Lindsey Graham Says Trump Was On Board With Bipartisan Immigration Deal, Until White House Staff Changed His Mind

As a deadline to reach an immigration deal nears, the Trump administration remains opposed to a bipartisan deal. Sen. Graham says someone got to the president last Thursday to change his mind.

Republican Sen. Lindsey Graham is blaming White House staff for President Donald Trump’s dramatic turnaround on immigration that has imperiled bipartisan talks.

Graham is pushing a bipartisan immigration deal that would provide billions of dollars for border security while allowing hundreds of thousands of children of undocumented immigrants to stay in the country. He said Trump initially agreed with the goals of the deal but then dramatically changed his views last week.

Graham said Trump called for a compassionate immigration system based on “love” during a meeting Tuesday. Trump’s attitude seemed to continue through to a 10 a.m. phone call with Democratic Sen. Dick Durbin Thursday, but when senators arrived at the White House for a meeting at noon, Graham said “something had happened.” During that now-infamous meeting, Democrats say Trump referred to Haiti and African nations as “shithole” places.

“Tuesday we had a president that I was proud to golf with, call my friend, who understood immigration had to be bipartisan,” said Graham. “Now I don’t know where that guy went. I want him back.”

He made these remarks during a Senate Judiciary Committee hearing with Homeland Security Secretary Kirstjen Nielsen, who said on Fox News Sunday that she didn’t “recall” Trump using the term “shithole” in the meeting. During the committee hearing, Nielsen denied hearing Trump referred to any countries as “shithole” countries or, as some have recounted it, “shithouses.”

Nielsen said the administration opposes the Graham- and Durbin-led deal for insufficiently closing immigration “loopholes.”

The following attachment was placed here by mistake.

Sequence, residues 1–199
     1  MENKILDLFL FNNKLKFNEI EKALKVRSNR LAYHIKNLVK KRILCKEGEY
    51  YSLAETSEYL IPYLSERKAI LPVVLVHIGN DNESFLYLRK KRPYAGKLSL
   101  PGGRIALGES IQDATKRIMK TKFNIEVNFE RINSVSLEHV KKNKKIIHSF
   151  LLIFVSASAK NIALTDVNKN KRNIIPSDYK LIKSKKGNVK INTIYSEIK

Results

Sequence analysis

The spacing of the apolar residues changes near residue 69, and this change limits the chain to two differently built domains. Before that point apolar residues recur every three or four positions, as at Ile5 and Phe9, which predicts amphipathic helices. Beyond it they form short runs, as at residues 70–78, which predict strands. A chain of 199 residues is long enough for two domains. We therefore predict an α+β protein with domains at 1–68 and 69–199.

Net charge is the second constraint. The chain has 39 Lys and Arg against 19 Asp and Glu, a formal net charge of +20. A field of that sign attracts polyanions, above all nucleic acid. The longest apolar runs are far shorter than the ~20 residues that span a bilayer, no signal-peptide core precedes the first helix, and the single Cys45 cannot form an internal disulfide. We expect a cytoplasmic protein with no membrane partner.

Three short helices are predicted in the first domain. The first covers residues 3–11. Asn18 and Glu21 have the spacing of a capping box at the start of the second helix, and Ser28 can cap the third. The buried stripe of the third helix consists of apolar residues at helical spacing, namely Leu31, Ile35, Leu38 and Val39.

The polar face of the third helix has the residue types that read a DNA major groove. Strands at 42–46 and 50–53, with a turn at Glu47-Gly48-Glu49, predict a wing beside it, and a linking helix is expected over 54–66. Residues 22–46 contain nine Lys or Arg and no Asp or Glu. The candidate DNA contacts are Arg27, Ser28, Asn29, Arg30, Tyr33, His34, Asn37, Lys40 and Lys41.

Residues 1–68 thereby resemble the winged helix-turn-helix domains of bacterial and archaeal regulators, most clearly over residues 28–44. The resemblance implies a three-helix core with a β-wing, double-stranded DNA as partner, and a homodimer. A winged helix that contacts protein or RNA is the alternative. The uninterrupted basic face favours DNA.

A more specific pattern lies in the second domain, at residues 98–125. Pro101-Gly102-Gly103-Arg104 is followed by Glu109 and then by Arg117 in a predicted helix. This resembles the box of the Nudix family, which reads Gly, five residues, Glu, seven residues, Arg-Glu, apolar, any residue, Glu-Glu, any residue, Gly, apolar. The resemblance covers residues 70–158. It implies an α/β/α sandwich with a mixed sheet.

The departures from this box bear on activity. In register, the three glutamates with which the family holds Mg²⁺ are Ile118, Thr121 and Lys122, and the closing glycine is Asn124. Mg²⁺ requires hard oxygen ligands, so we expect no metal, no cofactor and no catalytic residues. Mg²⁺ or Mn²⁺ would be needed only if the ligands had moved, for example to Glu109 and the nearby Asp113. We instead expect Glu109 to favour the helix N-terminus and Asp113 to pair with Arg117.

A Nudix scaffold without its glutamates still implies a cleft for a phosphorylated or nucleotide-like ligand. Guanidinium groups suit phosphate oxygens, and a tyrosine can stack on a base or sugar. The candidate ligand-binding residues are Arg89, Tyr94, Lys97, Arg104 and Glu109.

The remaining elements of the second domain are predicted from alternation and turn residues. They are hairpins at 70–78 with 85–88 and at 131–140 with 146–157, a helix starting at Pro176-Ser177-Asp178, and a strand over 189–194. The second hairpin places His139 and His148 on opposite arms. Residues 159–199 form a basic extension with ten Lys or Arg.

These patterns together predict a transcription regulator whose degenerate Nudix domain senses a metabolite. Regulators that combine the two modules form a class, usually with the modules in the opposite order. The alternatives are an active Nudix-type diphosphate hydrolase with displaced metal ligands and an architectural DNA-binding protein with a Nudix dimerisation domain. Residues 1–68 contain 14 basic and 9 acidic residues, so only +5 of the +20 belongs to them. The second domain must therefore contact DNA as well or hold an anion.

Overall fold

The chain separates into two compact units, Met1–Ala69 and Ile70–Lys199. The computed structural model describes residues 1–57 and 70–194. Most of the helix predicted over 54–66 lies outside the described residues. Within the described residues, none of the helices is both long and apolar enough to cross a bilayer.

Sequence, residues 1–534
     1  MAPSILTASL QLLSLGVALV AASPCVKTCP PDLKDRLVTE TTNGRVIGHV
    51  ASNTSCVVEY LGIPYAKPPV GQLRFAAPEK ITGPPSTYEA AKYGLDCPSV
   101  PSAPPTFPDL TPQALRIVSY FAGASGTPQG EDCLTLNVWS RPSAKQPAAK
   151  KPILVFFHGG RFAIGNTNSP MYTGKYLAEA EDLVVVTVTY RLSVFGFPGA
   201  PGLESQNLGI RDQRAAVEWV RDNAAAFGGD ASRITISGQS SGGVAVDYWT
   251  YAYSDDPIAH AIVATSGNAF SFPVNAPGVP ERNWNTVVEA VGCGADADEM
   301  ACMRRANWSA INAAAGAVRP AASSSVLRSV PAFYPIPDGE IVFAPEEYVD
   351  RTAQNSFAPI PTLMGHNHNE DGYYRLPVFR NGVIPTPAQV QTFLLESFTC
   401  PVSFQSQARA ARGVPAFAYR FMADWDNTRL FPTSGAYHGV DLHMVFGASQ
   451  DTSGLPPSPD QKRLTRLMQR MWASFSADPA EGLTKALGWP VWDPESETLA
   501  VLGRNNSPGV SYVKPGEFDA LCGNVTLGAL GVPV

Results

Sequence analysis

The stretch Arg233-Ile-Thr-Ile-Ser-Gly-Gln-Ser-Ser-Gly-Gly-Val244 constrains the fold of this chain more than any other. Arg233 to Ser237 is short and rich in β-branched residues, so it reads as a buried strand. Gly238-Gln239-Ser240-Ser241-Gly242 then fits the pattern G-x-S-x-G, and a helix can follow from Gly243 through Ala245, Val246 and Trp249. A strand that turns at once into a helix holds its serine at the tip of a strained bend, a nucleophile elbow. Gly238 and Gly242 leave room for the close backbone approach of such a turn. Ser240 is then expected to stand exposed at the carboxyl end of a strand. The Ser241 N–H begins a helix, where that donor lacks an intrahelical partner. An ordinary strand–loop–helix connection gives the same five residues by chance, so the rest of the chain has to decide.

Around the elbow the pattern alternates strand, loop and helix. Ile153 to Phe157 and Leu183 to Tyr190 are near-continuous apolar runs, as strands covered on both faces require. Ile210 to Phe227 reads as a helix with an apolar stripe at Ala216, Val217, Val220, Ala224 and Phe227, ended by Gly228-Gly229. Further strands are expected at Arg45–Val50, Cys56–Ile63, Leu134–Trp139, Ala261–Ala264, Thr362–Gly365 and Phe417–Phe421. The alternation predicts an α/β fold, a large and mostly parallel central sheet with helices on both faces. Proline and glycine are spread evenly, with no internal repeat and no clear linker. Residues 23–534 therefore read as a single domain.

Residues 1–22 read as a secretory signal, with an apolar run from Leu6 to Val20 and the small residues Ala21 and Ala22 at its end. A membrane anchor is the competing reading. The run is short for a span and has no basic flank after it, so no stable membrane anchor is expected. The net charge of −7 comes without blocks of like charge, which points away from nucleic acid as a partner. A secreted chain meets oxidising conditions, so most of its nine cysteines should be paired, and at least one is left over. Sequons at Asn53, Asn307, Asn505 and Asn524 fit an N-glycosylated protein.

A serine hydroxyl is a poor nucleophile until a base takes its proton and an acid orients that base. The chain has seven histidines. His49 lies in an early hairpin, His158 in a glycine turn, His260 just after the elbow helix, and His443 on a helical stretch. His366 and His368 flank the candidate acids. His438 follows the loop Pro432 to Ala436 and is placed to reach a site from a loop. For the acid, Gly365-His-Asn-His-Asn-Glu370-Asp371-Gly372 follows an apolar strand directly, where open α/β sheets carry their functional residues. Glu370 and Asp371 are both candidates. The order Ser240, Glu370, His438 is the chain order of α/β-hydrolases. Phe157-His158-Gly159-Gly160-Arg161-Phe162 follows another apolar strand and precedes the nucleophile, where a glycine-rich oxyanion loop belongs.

She said the conversation was “impassioned” and that the president used “tough language,” but said congressmen in the room also swore in front of the president.

The lengthy questioning about Trump’s use of the term at one point caused Graham to remark, “This has turned into an s-show.”

Graham told reporters outside the hearing room Tuesday that he believes Trump’s staff played a role in the president’s change of heart.

“I don’t think the president was well served by his staff. I think the president we saw Tuesday, that Donald Trump exists … I think someone on his staff gave him really bad advice between 10 and 12 on Thursday,” said Graham.

Asked if he was referring to Trump’s chief of staff, John Kelly, Graham said “I think General Kelly is a fine man, but he’s also part of the staff. So there we go.”

Congress has until Friday to pass a spending bill to avoid a government shutdown. Republicans will need Democratic votes in both chambers, but Democrats have said they will not agree to fund the government unless it is tied to an immigration deal.

Former president Obama’s Deferred Action for Childhood Arrivals program, known as DACA, expires in March and the Trump administration has said it will not renew it. Without action, 690,000 people currently enrolled in DACA and living in the United States would face deportation, according to figures Nielsen provided Tuesday.

A bipartisan working group struck a deal last week to provide a passage to citizenship for DACA recipients, known as DREAMers, while providing increased funding for border security. Democratic Sen. Durbin said the deal will be introduced as legislation Wednesday.

Durbin at times seemed exasperated during the meeting, saying that the bipartisan deal he helped negotiate would provide the Department of Homeland Security with exactly the funding it had requested. “We gave you every penny you asked for,” he said.

But Nielsen said the Department is also seeking new powers to deport undocumented immigrants and also detain them longer. “Sir, it’s not the pennies, it’s closing the loophole,” she said.

Democratic Sen. Cory Booker said Trump’s alleged “shithole” remarks helped embolden racists in America, noting that he had cried “tears of rage” when Durbin relayed the comments to him. He said the words “fester, they become poison” and could enable white supremacist groups. Booker also took a shot directly at Nielsen for saying she could not remember if Trump used that term. “Your silence and your amnesia is complicity,” said Booker.

Graham told reporters after he left the hearing Tuesday that he still expected to get an immigration deal done and that Congress would avoid a government shutdown as well, in part due to public pressure to get something done.

But he added, "what we need ... is a reliable partner at the White House. Somebody like the president who showed up on Tuesday. We cannot do this with people in charge at the White House who have an irrational view of how to fix immigration."

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